Cars have long been central to any James Bond film.
And he’s driven some crackers, helping the likes of the Aston Martin DB5 and Lotus Esprit becoming icons of their ages. But he’s also driven some stinkers, sometimes for nakedly commercial reasons – let’s a take a look at the worst examples:
10. Citroen 2CV (For Your Eyes Only – 1981)
Offered under protest as anyone who’s driven a 2CV will know it’s actually probably the best car Bond ever drove. But ever since someone described them as upturned corrugated prams, there has been this notion that a 2CV is what you bought when you couldn’t afford anything else. But even I can see that they do not make ideal getaway cars.
9. Sunbeam Alpine (Dr No – 1962)
In the first book Bond drove a 1933 supercharged ‘Blower’ Bentley (Fleming got his date wrong – the car ceased production in 1930). In the first film? A Sunbeam Alpine. Not a bad car by any means, but some distance from what you’d want to introduce the world’s least secret agent to the silver screen. An E-type Jaguar, powerful, handsome and just a little rough around the edges would have been far more appropriate.
8. BMW 750iL (Tomorrow Never Dies, 1997)
Another car that’s not bad as such, just a poor choice of transport for 007, not least because in its key scene, he’s not even in the driving seat. First, a mass-produced executive express is not in any way Bondian, second having him control it remotely by joystick puts a barrier between man and machine that may add novelty value, but kills the sense of action stone dead.
7. Ford Mondeo (Casino Royale, 2006)
It’s just such a bland, middle of the road choice, even if it’s clearly a hire car. James Bond drives a Ford Mondeo. Can you imagine the conversation at the Avis desk at the Bahamas airport? ‘An Aston Martin? I can do better than that Mr Bond. Here’s a brand new car from the company that actually owns Aston Martin you lucky man…’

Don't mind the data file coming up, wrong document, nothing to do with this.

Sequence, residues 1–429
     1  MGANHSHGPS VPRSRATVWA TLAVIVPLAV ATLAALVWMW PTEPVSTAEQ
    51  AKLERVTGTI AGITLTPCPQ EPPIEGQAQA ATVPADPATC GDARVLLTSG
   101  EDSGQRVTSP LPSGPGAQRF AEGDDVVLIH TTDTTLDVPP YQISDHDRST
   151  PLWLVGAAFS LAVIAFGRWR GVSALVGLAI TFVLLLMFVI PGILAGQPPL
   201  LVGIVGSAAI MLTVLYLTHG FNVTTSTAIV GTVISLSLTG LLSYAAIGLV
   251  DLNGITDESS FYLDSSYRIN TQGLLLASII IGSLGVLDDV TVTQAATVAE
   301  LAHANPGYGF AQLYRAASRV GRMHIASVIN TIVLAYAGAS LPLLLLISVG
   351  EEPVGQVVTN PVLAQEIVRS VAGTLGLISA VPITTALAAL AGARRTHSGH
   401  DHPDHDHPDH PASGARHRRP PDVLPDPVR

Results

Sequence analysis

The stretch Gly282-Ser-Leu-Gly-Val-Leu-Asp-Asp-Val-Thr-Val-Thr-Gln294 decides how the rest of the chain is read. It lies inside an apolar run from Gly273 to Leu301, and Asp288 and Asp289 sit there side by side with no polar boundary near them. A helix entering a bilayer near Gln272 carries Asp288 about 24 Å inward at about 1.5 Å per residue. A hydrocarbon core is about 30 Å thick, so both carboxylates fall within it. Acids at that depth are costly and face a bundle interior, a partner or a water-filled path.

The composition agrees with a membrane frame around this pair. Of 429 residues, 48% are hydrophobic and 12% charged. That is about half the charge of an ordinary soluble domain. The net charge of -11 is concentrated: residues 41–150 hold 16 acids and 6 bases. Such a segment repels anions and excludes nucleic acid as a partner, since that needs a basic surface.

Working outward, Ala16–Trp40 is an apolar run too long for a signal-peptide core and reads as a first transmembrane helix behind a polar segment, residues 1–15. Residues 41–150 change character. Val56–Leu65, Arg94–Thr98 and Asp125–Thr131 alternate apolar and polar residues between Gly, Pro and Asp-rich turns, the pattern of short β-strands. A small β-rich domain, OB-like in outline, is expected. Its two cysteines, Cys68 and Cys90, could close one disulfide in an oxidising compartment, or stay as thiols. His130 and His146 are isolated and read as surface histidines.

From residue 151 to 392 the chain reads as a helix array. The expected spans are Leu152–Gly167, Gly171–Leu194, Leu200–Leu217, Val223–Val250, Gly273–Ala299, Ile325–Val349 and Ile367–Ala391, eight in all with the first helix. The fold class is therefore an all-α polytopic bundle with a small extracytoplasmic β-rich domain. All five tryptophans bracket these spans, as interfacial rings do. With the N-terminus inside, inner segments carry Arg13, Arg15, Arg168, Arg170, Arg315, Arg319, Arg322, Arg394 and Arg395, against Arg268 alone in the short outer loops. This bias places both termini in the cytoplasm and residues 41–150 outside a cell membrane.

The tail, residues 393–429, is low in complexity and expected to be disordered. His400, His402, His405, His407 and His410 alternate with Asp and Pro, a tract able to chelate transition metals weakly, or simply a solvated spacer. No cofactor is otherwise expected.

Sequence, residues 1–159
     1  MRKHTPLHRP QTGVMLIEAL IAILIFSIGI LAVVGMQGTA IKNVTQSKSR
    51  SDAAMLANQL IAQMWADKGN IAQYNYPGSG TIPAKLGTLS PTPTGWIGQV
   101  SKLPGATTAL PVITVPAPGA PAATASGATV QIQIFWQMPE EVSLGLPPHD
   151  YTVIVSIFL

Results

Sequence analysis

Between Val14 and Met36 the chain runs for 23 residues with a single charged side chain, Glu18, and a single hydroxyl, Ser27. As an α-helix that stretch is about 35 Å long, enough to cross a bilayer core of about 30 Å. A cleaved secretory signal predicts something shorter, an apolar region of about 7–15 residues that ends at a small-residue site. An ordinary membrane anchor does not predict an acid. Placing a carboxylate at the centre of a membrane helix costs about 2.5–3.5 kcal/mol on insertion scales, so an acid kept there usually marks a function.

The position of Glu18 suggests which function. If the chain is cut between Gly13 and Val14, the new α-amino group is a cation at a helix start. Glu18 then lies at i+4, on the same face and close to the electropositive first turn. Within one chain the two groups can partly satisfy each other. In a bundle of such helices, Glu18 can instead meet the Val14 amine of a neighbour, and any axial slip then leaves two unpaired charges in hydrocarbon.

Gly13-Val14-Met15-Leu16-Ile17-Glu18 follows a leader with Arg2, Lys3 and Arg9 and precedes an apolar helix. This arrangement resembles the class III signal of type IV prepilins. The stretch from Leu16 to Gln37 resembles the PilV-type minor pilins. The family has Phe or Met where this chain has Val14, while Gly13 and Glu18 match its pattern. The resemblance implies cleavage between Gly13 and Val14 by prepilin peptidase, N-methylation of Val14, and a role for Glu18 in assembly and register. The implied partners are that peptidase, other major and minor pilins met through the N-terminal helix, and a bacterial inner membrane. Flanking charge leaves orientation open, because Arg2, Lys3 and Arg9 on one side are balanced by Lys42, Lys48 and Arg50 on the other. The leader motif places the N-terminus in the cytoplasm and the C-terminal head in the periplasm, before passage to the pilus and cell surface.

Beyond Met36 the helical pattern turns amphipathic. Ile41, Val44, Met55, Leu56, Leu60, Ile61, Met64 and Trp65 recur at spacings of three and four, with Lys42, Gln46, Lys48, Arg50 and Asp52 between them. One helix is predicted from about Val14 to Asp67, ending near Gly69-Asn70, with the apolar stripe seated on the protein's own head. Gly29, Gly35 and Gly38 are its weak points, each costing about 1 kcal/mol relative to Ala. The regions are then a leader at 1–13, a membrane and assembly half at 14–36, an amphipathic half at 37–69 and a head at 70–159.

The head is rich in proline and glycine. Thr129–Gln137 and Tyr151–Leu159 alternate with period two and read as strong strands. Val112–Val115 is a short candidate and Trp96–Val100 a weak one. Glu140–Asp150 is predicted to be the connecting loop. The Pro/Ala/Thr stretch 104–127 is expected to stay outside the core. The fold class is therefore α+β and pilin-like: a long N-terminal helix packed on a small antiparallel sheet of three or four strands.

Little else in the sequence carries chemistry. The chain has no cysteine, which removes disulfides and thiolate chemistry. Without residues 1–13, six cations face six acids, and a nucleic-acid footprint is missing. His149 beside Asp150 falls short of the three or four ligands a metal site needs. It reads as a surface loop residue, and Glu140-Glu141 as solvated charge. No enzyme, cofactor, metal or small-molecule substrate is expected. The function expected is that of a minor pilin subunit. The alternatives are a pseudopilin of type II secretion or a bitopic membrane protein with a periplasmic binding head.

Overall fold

6. Renault 11 (A View To A Kill, 1985)
A car so inherently dull they had to chop it in half and send it skittering around Paris just to liven up the scene. The only real entertainment it provides is seeing just how unlike Roger Moore the stunt driver looks when the roof gets chopped off. This was the absolute nadir of the Bond oeuvre when even the director appears to have lost all interest. It shows.
5. AMC Hornet (The Man With The Golden Gun, 1974)
A dreadful car in a dreadful film. Even if it had had the biggest, baddest engine available at the time it would still have had only 175bhp, a 5.9-litre V8 with less power than a 1.6-litre Ford Fiesta ST today. The bridge jump stunt was quite cool however, especially when you learn it was done with no camera tricks and in a single take. Otherwise, risible.
4. Leyland Sherpa van (The Spy Who Loved Me, 1977)
It is possible I have lost my objectivity here after years of being dragged to school sports event in the back of one of these appalling machines, but at the time I also used to help out doing deliveries in a Transit and even then I can remember thinking how wildly superior was the Ford. It died in the desert, the best place for it.
3. Aston Martin Vanquish (Die Another Day, 2002)
This could have been in the top ten until the producers decided it could become invisible. The resulting Aston Martin ‘Vanish’ was Bond’s Fonzie Jumps The Shark moment after which I couldn’t take him, his car or anything he did in it seriously again for the rest of what was already an entirely rubbish film.
2. Lunar Buggy (Diamonds Are Forever, 1971)
As a kid I used to think this was quite cool, but looking at it again recently it just looks like what it is: a prop for a film and the fact that Bond escapes in it after having apparently discovered NASA trying to fake the moon-landings stretched the willing suspension of disbelief way past breaking point.